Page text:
| Thursday, November 5, 2009 - 02:05 am |
Common market for your corporation needs do not work.I click on the modify supply contracts for the local area trades.It dont work.I'm trying to buy local products with my desire supply quality through the common market trade.It wont work at all.What am I doing wrong.
| Thursday, November 5, 2009 - 04:42 am |
It does work. You have to offer products for contracting first. Like, let's say you want to contract High Tech Services. Go to your corporation that produces High Tech Services, click on "common market contracts for your corporation" (under the heading of Product Offered). Then, in the box next to Quantity: you can type in the number of units you want to offer. Note that this is the number of units, not a percentage. So, to offer all of the production of a high tech services corporation, you'd type in 3500000. Then click "Submit Contract Offer." After that, you can accept supply contracts for high tech services in any corporation that's part of your local/common market. Make sure you know what you're doing with the contracts first though. You shouldn't create supply contracts for every kind of supply that a corporation uses, just the cheap ones (in terms of the amount consumed per month). Make sure that the supplies are top-quality (296 for state corporations, 333 for enterprise corporations).
| Thursday, November 5, 2009 - 10:48 am |
Thank you very much.I owe you for this.With due respects.Thank you and it makes alot more sense to me.
| Thursday, November 5, 2009 - 10:48 am |
Least I know now where I went wrong.
| Thursday, November 5, 2009 - 10:53 am |
Do I have to put all the corporation quality supply to 100 and then go from there?
| Thursday, November 5, 2009 - 11:30 am |
I like to test it on the anti air craft batteries to go to common market trade.How would I go about having the supply quality at 100 and have high tech services at high quality at around 180 mark.Could you please explain,thank you.I still have little trouble.
| Friday, November 6, 2009 - 01:32 am |
Wellll... it's dependent upon the corporation supplying the high tech services. If the high tech services corporation is supplying stuff that's 180 quality, then your corporations that sign supply contracts with it will receive 180 quality high tech services. You can't pick what quality you want to buy.
The thing is, though, that I just found out last night that supply quality calculations work differently now than what I was used to. So, I don't actually know when (or even if) it's worthwhile to contract supplies now~
Sorry I can't be more helpful there.
| Friday, November 6, 2009 - 02:31 am |
Damn,we were on a roll then.I was looking forward to do good trades.Now what?
| Wednesday, November 18, 2009 - 09:17 pm |
Okay, so. Supply contracts revisited. I'm pretty sure I understand the new system; it's actually much simpler than I thought. The basic premise now is to contract the cheapest supplies in terms of their per-unit price.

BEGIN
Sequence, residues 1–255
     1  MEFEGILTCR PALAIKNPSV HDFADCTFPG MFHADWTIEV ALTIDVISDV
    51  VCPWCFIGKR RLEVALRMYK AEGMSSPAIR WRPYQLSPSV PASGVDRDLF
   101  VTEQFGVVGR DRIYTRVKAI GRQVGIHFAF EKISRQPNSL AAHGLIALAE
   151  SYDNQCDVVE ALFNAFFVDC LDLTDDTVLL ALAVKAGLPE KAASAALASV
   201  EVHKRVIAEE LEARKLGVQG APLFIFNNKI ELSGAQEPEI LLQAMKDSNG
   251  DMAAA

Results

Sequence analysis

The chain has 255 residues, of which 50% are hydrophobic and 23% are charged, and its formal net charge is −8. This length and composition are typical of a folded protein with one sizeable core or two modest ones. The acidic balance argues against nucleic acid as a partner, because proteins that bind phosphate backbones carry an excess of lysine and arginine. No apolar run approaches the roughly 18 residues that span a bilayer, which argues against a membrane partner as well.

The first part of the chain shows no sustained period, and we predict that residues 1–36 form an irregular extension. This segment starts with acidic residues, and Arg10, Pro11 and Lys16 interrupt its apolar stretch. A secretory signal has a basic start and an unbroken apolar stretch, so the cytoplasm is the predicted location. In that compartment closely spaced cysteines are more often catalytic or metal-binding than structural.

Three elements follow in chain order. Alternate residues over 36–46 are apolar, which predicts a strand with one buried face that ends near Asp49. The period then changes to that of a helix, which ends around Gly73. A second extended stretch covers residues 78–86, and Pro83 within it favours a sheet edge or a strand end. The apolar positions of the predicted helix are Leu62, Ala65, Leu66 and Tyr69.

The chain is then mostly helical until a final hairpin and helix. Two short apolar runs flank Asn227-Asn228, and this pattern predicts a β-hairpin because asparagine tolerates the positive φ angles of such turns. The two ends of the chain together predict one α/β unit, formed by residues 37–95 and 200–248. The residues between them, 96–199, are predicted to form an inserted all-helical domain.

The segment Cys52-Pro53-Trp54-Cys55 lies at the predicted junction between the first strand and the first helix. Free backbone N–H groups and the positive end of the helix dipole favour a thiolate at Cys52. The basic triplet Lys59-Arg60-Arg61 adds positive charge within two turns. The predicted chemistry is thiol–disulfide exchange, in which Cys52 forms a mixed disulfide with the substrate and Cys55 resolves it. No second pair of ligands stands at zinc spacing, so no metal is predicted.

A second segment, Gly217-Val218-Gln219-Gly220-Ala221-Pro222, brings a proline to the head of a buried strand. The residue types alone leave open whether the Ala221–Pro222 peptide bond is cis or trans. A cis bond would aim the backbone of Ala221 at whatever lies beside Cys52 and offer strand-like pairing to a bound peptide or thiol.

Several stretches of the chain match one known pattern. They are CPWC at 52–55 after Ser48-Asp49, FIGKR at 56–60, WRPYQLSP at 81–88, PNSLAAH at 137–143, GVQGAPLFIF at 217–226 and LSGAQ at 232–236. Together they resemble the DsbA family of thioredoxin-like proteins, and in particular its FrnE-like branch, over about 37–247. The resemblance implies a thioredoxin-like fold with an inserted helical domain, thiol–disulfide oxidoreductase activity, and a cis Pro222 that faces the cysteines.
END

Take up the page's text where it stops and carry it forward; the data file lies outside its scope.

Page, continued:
So, stuff like electric power that costs $60,000 per unit and especially FMU which costs like $2.6M per unit are always a horrible thing to contract and should be bought at 100 quality. But, cheap stuff like high tech services (~$250/unit) and services (~$290/unit) are usually good to contract. It depends. You'll have to look at each corporation and take into consideration what it consumes and the relative prices of each.
If contracts confuse you, there is another way to save a bit of money easily. Set your corporations to order supplies at 160Q (190 for state/country controlled). You can buy factory maintenance units in large volume at 100Q with your enterprise or country. Then, on the world trade page, go to "enterprise (or country) trading with your own corporations" and sell 60 months worth of FMU to all of your corps. This allows you to save on FMU costs in all of your corporations since FMU has an almost non-existent impact on final product quality. You can also do this with electric power, and possibly other expensive things. The reason I don't like this is because of the micromanagement involved. You have to order stuff regularly with your enterprise/country and then remember to fill up your corporations every 45 or so game months (if you let it get too low the game will auto-order 160Q stuff) which is a pain in the ass. I'm more of a "fire and forget" type of person so I go for the contracts.
Using supply contracts from your own corporations also has the added effect of boosting the supplying corporation's income a little bit since while there is a cap on world market selling price (296% AFAIK), contracted products receive $$$ according to their quality (so 333Q gets 333%, and truly-publics supplying 370Q get 370%).
None of this is really earth-shattering, and if you're not an obsessive-compulsive like me who likes to fine tune everything, you won't automatically fail at simcountry for not doing it... but every bit of game money helps.